Ukraine Claims Boris Nemtsov Killed over Intel About Russia’s Involvement in War

AP Photo/Dmitry Lovetsky
AP Photo/Dmitry Lovetsky

The world is mourning the loss of Russian opposition leader and critic of Russian President Vladimir Putin, Boris Nemtsov. He was murdered in cold blood early Saturday morning just feet from the Kremlin in Moscow.

Ukrainian President Petro Poroshenko claims Nemtsov died because he was going to reveal information about Russia’s involvement in east Ukraine. “He said he would reveal persuasive evidence of the involvement of Russian armed forces in Ukraine,” said Poroshenko. “Someone was very afraid of this… They killed him.”

On Saturday Russians converged on the bridge at Moskva River where Nemtsov died. A gunman killed the former deputy prime minister with four shots to the back. On February 10, Nemtsov told he was afraid Putin planned to kill him:

– Interesting. And you’re after just such conversations with my mother began to fear that Putin may you soon kill directly or indirectly?

– You know, yes … a bit. Not as much as my mother, but still … Still, I’m not so much afraid of him. If I feared very much, it is unlikely that would be headed by an opposition party, is unlikely to be involved in what I do. Pass, by the way, me and mommy hello Dmitry Bykov.

– Thank you, give. I hope all the same common sense will prevail and Putin will not kill you.

– God bless. And I hope.

Nemtsov was due to lead an opposition rally on Sunday. Yet, the repercussions from the Putin regime continue to frighten Russians from taking a stand. Nemtsov is now dead, Mikhail Khodorkovsky is in exhile, and Alexander Navalny is in jail.

“People are afraid to support our movement,” exclaimed Mark Galperin, one of many opposition activists. “Opposition activists receive threats every day and Boris was no exception. But they won’t stop us.”

The Associated Press listed the most well-known cases of deaths of opposition figures since Putin gained power in 2000. A gunman murdered journalist Anna Politkovskaya in 2006. She was an outspoken critic of Russia’s violence in Chechnya. Former KGB agent Alexander Litvinenko was poisoned in November 2010 in London and passed away just three weeks later. Litvinenko blamed Putin for Politkovskaya. He also “signed a statement blaming Putin for his poisoning.” The United Kingdom is currently conducting an inquiry into Litinvenko’s death.

Nemtsov rose through the ranks in Russia in the 1990s under President Boris Yeltsin. He chose Nemtsov as his deputy prime minister and even considered him as a successor. But Yeltsin chose to support Putin instead. Nemtsov even wrote an op-ed in The New York Times in 2000 that claimed Putin was great for Russia.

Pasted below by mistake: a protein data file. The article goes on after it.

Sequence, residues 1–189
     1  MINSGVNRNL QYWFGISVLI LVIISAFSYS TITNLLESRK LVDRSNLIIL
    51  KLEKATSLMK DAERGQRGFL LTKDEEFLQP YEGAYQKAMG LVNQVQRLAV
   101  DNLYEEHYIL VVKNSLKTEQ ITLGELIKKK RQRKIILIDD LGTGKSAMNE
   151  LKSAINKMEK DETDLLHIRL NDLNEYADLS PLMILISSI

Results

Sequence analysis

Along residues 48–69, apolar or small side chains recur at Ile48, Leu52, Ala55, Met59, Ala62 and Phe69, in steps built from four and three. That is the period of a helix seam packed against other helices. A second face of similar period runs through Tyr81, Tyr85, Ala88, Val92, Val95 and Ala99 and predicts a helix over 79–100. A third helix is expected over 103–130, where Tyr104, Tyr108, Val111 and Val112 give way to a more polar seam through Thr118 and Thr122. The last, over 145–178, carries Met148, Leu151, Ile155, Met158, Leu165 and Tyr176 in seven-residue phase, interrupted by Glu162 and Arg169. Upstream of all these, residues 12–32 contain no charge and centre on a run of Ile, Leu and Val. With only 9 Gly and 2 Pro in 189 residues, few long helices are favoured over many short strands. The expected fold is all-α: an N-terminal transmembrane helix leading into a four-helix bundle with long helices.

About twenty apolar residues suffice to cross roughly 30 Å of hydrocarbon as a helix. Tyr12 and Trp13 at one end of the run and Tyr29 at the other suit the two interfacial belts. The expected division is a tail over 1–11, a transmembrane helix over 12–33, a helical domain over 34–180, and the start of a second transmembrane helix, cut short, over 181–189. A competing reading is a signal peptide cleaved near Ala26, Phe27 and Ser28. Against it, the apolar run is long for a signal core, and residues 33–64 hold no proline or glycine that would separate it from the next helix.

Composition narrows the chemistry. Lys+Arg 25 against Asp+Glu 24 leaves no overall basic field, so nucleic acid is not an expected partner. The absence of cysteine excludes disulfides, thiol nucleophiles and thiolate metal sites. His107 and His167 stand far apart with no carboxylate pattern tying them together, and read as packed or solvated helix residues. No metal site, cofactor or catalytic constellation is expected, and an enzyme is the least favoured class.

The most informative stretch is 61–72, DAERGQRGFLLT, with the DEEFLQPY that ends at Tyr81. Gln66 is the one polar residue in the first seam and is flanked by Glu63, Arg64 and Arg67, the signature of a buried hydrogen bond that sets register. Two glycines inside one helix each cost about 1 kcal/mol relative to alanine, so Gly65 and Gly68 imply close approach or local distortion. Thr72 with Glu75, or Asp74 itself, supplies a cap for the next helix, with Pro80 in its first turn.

“Some critics have questioned Mr. Putin’s commitment to democracy,” wrote Nemtsov. “True, he is no liberal democrat, domestically or internationally. Under his leadership Russia will not become France. The government will, however, reflect the Russian people’s desire for a strong state, a functioning economy, and an end to tolerance for robber barons — in short, a ‘ruble stops here’ attitude. Russia could do considerably worse than have a leader with an unwavering commitment to the national interest.”

He changed his mind and amped up his opposition to Putin when Russia started a war in east Ukraine. Nemtsov provided an interview just two hours before he died:

In Nemtsov’s last interview, just two hours before his murder, he suggested asking Putin a simple question: “Why are Russian soldiers dying and you, as Commander-in-Chief, Mr. Putin, lie and claim they’re not fighting? We see the graves of these soldiers … in Kostroma, in Pskov, in Nizhny Novgorod.”

Putin denounced the murder and said he will “personally oversee the investigation.” Russia’s Investigative Committee claimed “the crime was meticulously planned, as well as the place chosen for the murder.” However, they also reported Nemtsov’s allies, radical Islamists, or even the Ukrainian government could be at fault.

Nemtsov’s death changed the plans for the opposition rally on Sunday. Instead it will be a march to mourn and remember the opposition leader. Moscow “gave quick approval” for the change. The march will walk over the bridge where Nemtsov died.


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